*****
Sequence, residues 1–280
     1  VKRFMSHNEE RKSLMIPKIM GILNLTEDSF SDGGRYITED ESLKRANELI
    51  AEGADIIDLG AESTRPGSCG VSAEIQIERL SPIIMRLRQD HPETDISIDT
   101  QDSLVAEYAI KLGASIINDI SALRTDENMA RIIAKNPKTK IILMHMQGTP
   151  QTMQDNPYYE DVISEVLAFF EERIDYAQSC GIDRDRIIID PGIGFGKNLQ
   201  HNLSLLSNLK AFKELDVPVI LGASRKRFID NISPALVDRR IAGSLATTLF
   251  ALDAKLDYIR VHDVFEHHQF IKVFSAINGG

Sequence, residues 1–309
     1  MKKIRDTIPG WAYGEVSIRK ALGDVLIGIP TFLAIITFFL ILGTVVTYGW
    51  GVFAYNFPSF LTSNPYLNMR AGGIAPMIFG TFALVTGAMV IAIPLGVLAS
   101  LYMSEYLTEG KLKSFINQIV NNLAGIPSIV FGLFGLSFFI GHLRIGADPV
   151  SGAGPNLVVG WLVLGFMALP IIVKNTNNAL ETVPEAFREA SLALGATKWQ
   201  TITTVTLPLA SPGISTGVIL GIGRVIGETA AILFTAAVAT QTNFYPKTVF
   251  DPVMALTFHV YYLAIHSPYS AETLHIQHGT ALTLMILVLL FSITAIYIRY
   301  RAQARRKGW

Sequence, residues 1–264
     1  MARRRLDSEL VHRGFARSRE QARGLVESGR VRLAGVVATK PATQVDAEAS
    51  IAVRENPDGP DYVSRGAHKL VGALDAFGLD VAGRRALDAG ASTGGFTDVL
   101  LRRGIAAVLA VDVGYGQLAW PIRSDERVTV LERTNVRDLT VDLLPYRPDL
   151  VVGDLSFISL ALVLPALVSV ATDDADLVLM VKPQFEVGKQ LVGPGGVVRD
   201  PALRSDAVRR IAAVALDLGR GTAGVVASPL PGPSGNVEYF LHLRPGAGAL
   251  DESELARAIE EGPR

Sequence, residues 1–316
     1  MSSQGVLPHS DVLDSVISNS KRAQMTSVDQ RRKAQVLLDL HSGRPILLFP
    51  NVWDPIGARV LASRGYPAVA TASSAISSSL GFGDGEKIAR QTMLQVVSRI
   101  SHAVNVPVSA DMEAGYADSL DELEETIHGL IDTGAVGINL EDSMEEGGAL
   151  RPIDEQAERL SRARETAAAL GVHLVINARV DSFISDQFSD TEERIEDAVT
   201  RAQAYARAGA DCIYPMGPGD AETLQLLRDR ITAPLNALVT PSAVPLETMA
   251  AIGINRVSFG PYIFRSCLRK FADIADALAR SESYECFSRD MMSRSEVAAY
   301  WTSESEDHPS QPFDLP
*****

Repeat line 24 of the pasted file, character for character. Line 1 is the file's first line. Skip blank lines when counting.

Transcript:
     1  MSSQGVLPHS DVLDSVISNS KRAQMTSVDQ RRKAQVLLDL HSGRPILLFP